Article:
How to build a solid marketing foundation using a comprehensive data strategy
Being raised with Sunday School every weekend, I remember a popular song we used to sing. It begins with the following lines:
”Don’t build your house on the sandy land, don’t build it too near the shore.
Well, it might be kind of nice, but you’ll have to build it twice,
Oh, you’ll have to build your house once more.”
I’ve never built a house, so I won’t pretend to be an authority on the subject. However, if I were to build a house to last, I probably would follow this advice. A house on the waterfront might sound nice, but lacking a solid foundation will probably make it about as long-lasting as the sand castles I used to build, i.e. just about long enough for the next wave to sweep it away. The next lines of the song present the obvious solution:
”You better build your house upon a rock, make a good foundation on a solid spot.
Oh, the storms may come and go, but the peace of God you will know.”
Right about now you are probably wondering what a Sunday school song has to do with marketing. Alright, it’s a relevant question. But, the answer might actually be more than you’d expect.
Allow me to present my first analogy: Your marketing is a house.
You may choose to build a house with many different rooms, just as you may choose to build your marketing around many different marketing channels.
You may opt for a prefabricated house straight from a catalogue, or maybe you want to draw you own house from scratch, customizing every little detail in it. Similarly, you might build your marketing stack around large, all-in-one platforms or maybe you prefer to select a variety of small niche products.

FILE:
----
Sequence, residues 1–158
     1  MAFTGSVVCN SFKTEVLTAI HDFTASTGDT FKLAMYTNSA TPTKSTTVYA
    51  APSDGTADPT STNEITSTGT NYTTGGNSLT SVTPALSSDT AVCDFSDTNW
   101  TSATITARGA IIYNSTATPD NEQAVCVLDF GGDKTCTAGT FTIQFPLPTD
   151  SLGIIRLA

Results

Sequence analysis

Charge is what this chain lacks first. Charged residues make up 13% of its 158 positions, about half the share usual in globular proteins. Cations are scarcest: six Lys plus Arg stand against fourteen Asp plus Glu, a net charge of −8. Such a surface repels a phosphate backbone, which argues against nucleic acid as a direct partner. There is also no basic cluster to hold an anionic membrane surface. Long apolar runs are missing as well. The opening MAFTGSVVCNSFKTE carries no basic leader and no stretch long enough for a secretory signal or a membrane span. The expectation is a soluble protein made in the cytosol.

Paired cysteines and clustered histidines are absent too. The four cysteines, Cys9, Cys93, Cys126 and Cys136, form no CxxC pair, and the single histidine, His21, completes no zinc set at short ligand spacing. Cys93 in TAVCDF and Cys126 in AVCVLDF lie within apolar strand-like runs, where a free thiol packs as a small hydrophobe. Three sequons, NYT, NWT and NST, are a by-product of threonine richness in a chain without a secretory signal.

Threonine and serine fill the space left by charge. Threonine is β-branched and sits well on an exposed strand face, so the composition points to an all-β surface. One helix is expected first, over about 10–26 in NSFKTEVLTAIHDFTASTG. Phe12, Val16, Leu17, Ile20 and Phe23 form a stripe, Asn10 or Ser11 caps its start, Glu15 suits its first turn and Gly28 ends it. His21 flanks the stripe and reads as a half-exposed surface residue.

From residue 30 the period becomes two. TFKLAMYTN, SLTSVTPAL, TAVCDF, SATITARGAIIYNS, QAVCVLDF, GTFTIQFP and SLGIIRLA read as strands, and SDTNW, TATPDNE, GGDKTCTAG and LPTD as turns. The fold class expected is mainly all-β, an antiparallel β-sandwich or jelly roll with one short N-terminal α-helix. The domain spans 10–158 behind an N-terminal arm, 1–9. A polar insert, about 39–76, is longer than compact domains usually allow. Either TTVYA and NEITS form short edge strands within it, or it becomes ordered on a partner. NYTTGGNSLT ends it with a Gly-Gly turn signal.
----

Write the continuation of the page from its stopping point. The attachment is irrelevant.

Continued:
Time for the next analogy: Your data is the foundation.
The purpose of a foundation is to give structure and strength to whatever is built on top of it, as well as shielding it from changes in the environment where it is built. The quality of your foundation will ultimately determine the endurance of what you build on top of it. The same goes for your marketing ”house”. If the data you use in your marketing is bad, it doesn’t matter how fancy your platforms are, you are sub-optimizing your results.
Furthermore, it’s really difficult to build a foundation for a house after the house is already built. (note: like I’ve stated, I’m no expert on building houses, however, I assume there is a reason why the foundation is always built before the house).
Similarly, the sooner you build your data strategy, the easier it will be to build your Marketing on it. If you wait too long you might find that your choices regarding your marketing has set up restraints and/or requirements in what you can do in your data strategy. In fact, when letting your data strategy come first, it may even help guide you while building your marketing.
Building the Foundation: The Data Strategy
Developing a data strategy of course, is not simple. But, for the sake of this post, I’ll focus on two key elements - Data Quality & Data Security - which if done right, will have a positive impact on your foundation.
If data is a high-value asset to you (which I hope it is, as we’re talking about data-driven marketing here), the quality of your data is what will set you apart from your competition. Therefore, it should be a high priority to you to aim for as high quality as needed. Note that achieving 100% data quality is most probably impossible, if not extremely costly, both money- and time wise.
A pretty good rule of thumb is that your data should be ”fit for its intended use”. This also means that if you’re using the data to base decisions on that will determine the outcome of your business, the higher the quality the better the results. Enough with the obvious. Let’s have a look at a couple of things you can do to improve the quality of your data, starting today.